Hoo-boy! Any win against Russell Wilson is a tremendous achievement – he’s unique. Any win against a Pete-Carroll-coached team is tremendous – he’s a hell of a competitor. Congratulations, Packers!
For those unfamiliar with the Seahawks’ insane penchant for fourth-quarter comebacks, games against them are usually all but meaningless until around the ten-minute mark of the fourth quarter. If Russell Wilson would look to run throughout the game, and not until his team has fallen ten to twenty points behind, I’m not sure they’d ever lose – it must be an injury thing.
Even to my untrained eye, Mike Pettine’s plan was obvious: keep Russell Wilson from escaping the pocket. Play after play, we saw four pairs of Seahawk blockers and Packer pass rushers embracing in mirror-like symmetry. The rushers were simply trying to maintain, and slowly compress, the pocket, without opening up running lanes for Wilson. And for half of the game it worked.
Seattle adjusted in the second half. Though the horseshoe didn’t break down, instead of passing after three to four luxurious seconds, Wilson began slipping out of the back of the horseshoe, and heading usually to the right flat – where the 5’11” wonder now had unobstructed vision, open running lanes, and another two to four seconds to spot a free-ranging receiver.
The Seahawks used high-percentage passes and Wilson’s run-and-slides to move downfield quickly and at will. I can only once recall a Packers’ defense being in such a helpless predicament: in the Super Bowl following the 1996 season, the Packers could find no way to stop Hall of Famer (and SB MVP) Terrell Davis from gobbling up yardage.
Against Wilson, it became painfully obvious that either the Packers had to score more than 28 points or the Packers D had to somehow stop a Seahawks drive.
Here’s how they did it. With 4:54 remaining and the score 28 to 23, the Hawks offense took over, after a lousy 25-yard punt, on their own 23-yard line. After a 14-yard completion to Lockett, the Pack gets the break they need. With the Packers defenders playing soft and apparently terrified of a big play, receiver Malik Turner drops a perfect pass from Wilson – it should have been at least another 14-yard completion.
Second and ten, 4:08 left. With the coverage finally tightening, Wilson dumps it off to tight end Jacob Hollister, but a sure tackle by Kevin King limits him to a 5-yard gain.
Third and five, 3:22 left. Wilson, from the shotgun, fails to spot Preston Smith, who, despite playing on an injured ankle, gets around Hollister and makes a beeline toward Wilson. The result is a sack, a 6-yard loss, and a fourth down with 11 yards to go.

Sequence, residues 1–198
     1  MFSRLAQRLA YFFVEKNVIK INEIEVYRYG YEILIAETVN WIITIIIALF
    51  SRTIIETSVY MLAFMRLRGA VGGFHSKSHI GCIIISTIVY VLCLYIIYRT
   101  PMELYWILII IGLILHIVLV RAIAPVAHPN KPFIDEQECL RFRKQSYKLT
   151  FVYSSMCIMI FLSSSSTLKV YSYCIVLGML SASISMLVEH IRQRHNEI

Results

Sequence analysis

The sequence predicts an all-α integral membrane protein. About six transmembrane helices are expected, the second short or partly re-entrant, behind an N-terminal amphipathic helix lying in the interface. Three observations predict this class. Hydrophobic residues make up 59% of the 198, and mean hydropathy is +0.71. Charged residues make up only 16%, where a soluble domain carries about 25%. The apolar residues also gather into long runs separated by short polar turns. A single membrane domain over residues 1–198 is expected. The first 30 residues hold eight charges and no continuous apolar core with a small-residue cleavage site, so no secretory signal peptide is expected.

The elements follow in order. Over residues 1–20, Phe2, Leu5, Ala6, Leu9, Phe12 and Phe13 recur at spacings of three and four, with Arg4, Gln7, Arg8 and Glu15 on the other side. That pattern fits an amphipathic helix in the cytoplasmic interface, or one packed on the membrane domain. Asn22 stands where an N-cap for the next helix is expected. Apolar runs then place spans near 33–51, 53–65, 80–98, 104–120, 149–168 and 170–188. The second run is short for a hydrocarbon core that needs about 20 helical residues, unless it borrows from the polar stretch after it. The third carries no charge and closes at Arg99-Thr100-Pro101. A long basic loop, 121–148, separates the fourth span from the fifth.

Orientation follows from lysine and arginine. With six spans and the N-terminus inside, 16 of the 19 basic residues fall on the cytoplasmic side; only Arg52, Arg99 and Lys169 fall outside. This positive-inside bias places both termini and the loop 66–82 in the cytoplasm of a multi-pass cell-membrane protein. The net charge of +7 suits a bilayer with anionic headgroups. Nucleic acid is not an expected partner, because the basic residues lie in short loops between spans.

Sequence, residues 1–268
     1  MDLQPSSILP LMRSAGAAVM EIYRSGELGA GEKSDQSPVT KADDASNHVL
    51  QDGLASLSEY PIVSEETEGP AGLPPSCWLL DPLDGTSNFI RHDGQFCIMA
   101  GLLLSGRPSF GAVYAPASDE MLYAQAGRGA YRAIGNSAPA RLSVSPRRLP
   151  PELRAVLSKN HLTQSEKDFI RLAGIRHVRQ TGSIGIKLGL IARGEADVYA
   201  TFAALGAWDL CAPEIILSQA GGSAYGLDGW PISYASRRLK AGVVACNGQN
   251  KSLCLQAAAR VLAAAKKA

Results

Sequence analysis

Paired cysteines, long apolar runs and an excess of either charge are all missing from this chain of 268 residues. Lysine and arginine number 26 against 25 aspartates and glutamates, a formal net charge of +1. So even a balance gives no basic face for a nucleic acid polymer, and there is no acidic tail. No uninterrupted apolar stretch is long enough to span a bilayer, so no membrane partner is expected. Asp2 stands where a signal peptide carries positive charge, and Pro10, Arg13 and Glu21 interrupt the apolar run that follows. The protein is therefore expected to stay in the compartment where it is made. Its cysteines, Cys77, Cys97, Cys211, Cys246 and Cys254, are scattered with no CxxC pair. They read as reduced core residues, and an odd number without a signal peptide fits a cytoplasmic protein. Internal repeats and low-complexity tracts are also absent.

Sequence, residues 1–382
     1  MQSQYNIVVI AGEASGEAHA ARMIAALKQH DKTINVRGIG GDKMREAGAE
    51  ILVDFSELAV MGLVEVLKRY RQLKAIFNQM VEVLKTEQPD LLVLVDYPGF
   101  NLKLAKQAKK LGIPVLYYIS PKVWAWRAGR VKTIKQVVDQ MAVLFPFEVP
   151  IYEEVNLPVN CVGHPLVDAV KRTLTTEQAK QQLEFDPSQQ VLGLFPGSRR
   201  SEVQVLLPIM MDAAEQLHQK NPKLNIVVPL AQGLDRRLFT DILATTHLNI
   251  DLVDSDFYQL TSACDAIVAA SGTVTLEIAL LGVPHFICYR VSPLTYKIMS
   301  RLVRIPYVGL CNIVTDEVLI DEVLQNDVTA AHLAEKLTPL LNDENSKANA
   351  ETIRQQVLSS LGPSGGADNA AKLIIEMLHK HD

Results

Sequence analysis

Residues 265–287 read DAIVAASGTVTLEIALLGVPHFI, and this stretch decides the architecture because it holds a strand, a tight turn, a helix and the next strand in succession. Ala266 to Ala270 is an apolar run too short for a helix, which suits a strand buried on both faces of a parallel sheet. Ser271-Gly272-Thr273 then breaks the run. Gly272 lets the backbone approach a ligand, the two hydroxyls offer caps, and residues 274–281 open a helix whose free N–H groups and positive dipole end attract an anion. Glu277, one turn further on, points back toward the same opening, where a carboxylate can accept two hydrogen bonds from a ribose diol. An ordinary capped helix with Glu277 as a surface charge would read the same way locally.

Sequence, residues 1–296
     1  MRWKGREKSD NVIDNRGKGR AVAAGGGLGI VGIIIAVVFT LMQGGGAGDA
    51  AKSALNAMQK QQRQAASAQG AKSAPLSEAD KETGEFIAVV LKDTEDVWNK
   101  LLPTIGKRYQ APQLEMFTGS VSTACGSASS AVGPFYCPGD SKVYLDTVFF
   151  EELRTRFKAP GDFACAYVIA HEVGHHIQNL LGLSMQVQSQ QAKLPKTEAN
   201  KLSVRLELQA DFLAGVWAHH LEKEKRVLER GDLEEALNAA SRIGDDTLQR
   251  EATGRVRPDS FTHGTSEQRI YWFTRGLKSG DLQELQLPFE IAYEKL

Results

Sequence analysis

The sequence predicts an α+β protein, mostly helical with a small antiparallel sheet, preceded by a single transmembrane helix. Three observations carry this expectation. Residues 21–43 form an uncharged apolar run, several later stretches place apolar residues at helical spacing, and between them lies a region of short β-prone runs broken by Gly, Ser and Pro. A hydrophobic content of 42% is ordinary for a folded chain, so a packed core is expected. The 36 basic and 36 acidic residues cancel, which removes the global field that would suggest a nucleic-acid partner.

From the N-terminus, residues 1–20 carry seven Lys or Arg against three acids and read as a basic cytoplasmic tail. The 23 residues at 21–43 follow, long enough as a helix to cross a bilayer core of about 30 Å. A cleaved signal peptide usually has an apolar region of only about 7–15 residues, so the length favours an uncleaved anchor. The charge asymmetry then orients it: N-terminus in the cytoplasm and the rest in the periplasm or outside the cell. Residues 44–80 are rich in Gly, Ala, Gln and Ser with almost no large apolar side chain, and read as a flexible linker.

I expected Carroll to go for it, but he instead elected to punt. His decision was almost borne out to be a smart move.
The Third-down Completions
For the final 2:32, it was vintage Aaron Rodgers: a third-and-eight feather-light pinpoint pass to Adams for 32 yards, and then, right at the 2-minute mark, a third-and-nine throw, under a heavy blitz, to Jimmy Graham, who reaches low for the catch and stumbles forward to the invisible first-down marker.
For the game, Rodgers recorded a passer rating of 113.7, slightly surpassing Wilson and his 106.5 tally.
You might recall that after the play was upheld, the main ref went back and looked at “additional footage that came in” and announced for a second time that the play was upheld. The furious antics of Pete Carroll apparently convinced the officials to take such unprecedented action. Carroll will undoubtedly be complaining about that spot for the next five years.
Postgame, the sports broadcasters on the Seattle TV stations in fact issued a whole list of faults they found with the officiating – it’s become part of the Seahawks’ culture to resort to excuse-making.
The players of each team, however, showed nothing but class as they hugged their opponents as much as they celebrated the outcome with their teammates – a fine show of respect after such hard-fought combat.
The first thing I did after the game was to check to see if the Seahawks – and Wilson – play the Packers in the 2020 regular season. Thank God, they do not – but it’s a good bet they’ll renew the rivalry in that postseason.
It’s on to the stadium named after blue jeans, Levi’s in Santa Clara, for a rematch with the 49ers. Matt LaFleur gets a chance for redemption, as he was thoroughly out-coached by close friend Kyle Shanahan in Week 12. In an upcoming post I’ll present some reasons to believe things will be much more competitive the second time around.
In the meantime, let’s enjoy a team that continues in the first year of the Matt LaFleur era to outperform all expectations.